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City Neighborhoods
Hays racetrack plan includes hotel, shops, restaurants

Friday, February 07, 2003

By Tom Barnes, Post-Gazette Staff Writer

Developer Charles J. Betters wants to build shops, restaurants, entertainment venues, residences and a hotel as part of the thoroughbred horse racing track and casino he's proposing for a wooded tract above East Carson Street in Hays.

"I'm trying to finish up the master plan for the entire site," he said yesterday. "I'm not there yet, but you're right on the dime if you say that retail, entertainment, restaurants, housing and a hotel are being contemplated."

Betters, who is based in Center, Beaver County, said he is a general partner in the project with DGD Realty Associates of Putnam County, N.Y. He said they jointly own the 635 acres of remote, sparsely populated hilltop land bordered by Becks Run Road, East Carson Street and Baldwin Borough.

The area once housed a research facility for the former Jones & Laughlin Steel Corp., whose operations ran along both banks of the Mon River. DGD bought the land in 1989 from bankrupt LTV Corp., J&L's successor.

Betters said he'll provide more details about the project in a couple of weeks.

Before the track could be built, Betters would have to receive a thoroughbred racing license from the state Horse Racing Commission.

He has four other competitors for the last remaining license, two from the Pittsburgh area and two from Philadelphia. Competitors include racing giant Magna Entertainment Corp., which owns The Meadows harness racing track in Washington County and wants to build a thoroughbred track on 172 acres in Findlay, near Pittsburgh International Airport.

It could take the racing commission up to 18 months to decide which group will get the license. The number is set in state law but could be changed.

There is much interest in thoroughbred and harness racing licenses because Gov. Ed Rendell is expected to ask the Legislature to legalize slot machines at state racetracks. That would make them much more profitable.

Rendell, who was in Pittsburgh yesterday, said the state could consider adding a few racing licenses, but added, "I think there's only a certain number we could support without eating each other alive."

Rendell also said, "Obviously this area can support more than just The Meadows, but we don't want to cannibalize The Meadows, either."

As to who should get the final license, he said, "It's not really a matter of what I think because I won't have one appointment to the Horse Racing Commission."

Noting that one group wants to put a harness track in Beaver County, he said, "Beaver County could use the growth probably more even than Allegheny County, but it depends ... on the quality of the application."

Pittsburgh Council President Gene Ricciardi, who represents the South Side, said yesterday he hasn't taken a position on the Betters track, but has opposed the idea of casinos in the past, especially when a riverboat casino was proposed for the South Side waterfront in 1994-95.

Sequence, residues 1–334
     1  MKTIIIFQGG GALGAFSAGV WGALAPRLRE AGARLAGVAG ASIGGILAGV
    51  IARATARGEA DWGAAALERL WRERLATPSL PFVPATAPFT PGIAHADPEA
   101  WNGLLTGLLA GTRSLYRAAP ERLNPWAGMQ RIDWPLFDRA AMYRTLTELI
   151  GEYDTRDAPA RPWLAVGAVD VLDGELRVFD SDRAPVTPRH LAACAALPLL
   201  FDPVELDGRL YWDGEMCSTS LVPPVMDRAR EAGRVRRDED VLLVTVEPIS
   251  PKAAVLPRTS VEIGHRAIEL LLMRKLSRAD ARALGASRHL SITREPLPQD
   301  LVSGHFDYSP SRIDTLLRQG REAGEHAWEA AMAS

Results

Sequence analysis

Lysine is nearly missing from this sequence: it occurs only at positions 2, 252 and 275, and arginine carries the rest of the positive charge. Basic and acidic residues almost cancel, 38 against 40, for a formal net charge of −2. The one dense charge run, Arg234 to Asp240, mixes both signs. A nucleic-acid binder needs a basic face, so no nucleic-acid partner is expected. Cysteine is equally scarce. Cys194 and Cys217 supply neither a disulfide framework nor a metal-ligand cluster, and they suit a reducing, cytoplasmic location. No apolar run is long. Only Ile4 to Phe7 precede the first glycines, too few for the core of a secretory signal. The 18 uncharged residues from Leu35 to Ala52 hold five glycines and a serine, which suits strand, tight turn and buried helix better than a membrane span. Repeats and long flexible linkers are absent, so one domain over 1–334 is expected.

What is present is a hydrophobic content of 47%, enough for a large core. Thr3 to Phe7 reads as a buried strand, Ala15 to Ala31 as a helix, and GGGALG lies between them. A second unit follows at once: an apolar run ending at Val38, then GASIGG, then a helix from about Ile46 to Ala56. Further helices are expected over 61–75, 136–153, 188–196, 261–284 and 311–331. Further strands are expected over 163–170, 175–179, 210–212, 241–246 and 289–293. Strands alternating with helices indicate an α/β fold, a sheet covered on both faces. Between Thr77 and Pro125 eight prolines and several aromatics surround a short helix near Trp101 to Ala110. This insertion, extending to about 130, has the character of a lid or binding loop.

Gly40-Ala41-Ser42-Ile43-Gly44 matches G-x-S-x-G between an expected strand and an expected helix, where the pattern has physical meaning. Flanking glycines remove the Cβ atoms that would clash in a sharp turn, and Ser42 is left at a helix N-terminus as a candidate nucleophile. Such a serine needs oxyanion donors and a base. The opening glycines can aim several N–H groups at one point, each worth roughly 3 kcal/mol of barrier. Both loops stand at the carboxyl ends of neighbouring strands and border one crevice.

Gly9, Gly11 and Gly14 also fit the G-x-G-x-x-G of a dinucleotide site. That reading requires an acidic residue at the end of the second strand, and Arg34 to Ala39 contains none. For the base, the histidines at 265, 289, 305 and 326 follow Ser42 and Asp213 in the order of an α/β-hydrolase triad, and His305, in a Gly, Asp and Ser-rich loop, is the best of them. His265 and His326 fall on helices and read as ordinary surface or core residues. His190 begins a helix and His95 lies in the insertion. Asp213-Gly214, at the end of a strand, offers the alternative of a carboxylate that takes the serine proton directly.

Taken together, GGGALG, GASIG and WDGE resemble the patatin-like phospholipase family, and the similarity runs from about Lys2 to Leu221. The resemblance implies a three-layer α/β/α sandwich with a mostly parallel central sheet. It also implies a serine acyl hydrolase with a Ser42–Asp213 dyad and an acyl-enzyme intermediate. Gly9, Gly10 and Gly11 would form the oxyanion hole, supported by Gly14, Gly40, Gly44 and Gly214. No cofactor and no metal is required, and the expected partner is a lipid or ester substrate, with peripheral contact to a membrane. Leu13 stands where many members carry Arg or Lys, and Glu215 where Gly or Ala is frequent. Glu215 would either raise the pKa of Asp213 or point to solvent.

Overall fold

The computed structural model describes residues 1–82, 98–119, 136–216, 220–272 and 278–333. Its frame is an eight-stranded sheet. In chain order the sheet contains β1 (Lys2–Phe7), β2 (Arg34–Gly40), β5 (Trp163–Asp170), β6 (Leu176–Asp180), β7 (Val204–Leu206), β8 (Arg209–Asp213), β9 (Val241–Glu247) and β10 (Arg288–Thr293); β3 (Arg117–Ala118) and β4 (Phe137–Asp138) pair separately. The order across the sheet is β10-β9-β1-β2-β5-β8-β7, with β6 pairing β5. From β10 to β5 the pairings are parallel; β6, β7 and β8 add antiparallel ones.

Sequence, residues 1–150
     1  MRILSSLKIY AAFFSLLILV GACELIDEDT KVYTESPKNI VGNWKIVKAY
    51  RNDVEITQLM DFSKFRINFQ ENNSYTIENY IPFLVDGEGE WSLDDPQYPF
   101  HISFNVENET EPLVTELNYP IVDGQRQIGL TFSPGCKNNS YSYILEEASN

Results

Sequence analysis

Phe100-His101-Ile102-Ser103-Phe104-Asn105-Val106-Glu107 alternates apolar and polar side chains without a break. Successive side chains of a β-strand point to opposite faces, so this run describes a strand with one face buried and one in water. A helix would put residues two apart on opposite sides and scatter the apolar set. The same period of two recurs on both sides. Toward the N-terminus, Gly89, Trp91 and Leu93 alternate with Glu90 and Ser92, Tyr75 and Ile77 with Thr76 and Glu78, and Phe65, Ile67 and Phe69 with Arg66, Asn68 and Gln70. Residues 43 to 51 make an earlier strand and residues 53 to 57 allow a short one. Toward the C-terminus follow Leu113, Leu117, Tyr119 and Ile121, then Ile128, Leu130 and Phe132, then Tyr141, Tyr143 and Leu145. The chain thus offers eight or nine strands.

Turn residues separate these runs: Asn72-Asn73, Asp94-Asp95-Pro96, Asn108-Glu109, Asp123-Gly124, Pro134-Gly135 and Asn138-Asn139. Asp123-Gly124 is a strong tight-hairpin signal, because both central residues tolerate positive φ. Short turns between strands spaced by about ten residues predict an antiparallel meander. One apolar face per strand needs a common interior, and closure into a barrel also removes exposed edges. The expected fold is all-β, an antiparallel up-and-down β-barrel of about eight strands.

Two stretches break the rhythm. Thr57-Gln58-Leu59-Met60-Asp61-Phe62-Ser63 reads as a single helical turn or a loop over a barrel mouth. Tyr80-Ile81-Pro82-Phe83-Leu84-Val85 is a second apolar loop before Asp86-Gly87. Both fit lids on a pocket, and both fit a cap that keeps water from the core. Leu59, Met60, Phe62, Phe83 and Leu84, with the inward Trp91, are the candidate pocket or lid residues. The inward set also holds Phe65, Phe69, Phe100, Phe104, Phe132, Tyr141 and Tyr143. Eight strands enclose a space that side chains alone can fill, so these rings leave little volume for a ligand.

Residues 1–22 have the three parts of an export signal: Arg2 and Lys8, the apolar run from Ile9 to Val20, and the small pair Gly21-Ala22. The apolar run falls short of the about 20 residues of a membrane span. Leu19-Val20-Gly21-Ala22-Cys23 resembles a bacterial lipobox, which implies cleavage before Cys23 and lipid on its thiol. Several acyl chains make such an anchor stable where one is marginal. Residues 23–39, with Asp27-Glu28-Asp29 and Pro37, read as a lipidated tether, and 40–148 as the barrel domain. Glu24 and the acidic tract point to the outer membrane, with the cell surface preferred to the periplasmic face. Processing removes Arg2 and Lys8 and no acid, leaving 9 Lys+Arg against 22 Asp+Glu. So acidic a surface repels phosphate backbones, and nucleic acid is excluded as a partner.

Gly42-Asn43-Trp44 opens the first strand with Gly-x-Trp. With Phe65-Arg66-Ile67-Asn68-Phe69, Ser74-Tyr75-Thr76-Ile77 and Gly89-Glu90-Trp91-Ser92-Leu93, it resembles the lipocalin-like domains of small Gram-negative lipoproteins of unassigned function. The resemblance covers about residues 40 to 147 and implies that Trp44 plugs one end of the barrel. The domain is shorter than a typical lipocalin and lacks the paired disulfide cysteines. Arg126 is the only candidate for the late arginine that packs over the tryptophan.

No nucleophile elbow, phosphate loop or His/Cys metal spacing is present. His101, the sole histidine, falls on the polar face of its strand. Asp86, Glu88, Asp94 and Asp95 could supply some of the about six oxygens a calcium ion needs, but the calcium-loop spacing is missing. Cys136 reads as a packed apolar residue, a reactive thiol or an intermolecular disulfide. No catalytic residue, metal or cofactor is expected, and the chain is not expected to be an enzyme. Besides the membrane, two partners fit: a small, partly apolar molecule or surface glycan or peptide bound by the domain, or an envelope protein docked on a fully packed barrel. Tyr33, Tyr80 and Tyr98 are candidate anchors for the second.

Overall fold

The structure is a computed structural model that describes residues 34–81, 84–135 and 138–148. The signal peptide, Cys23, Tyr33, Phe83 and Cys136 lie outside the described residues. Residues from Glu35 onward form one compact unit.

"Slot machines would mean additional revenue for the city, but at what cost?" he said. "We welcome investment in the city. We welcome investment from New Yorkers, but we have to protect our quality of life."

He said he also wants to make sure that any stores, restaurants or housing built by Betters in the 31st Ward don't harm the existing East Carson business corridor on the South Side or the new housing, stores and movie theater being built at the South Side Works -- the sprawling former mill site east of 25th Street between East Carson and the Monongahela River.

"We need to look at this racetrack development very carefully," Ricciardi said. "I will have a critical eye toward what it will do about traffic and congestion on Carson Street."

He also said he wants to avoid damaging the greenery of the hillside above Carson Street between Becks Run Road and the Glenwood Bridge.

"I would feel devastated if they just make one gigantic pool of concrete on top of the hill," he said.

Also watching the racetrack project closely is Alexander Bennett, mayor of Baldwin Borough, which abuts the racetrack site.

"It could have quite an impact. It's a concern. I want to protect residents against adverse activity" like traffic congestion or crime that might be caused by a casino, he said.

He and Pittsburgh Councilman Bob O'Connor, who represents the 31st Ward, said the 635-acre site is totally within city boundaries, and yet, oddly, also part of the Baldwin-Whitehall School District.

Bennett said in the late 1940s, J&L Steel asked Baldwin officials to relinquish the section of the J&L property that was within Baldwin so the land would be totally within Pittsburgh.

Baldwin municipal officials agreed to do so, but Baldwin school officials didn't agree, and as a result the hilltop land remained within the suburban school district. That hasn't mattered much in the past, but it would now -- if school taxes are generated by the racetrack and casino. Such revenue would go to Baldwin schools rather than city schools, both Bennett and O'Connor said.

Bennett said that city roads like Becks Run and Glass Run should be used for access to the racetrack, rather than Agnew Road in Baldwin, which is a residential street.

Politics editor James O'Toole contributed to this article.

Tom Barnes can be reached at tbarnes@post-gazette.com or 412-263-1548.

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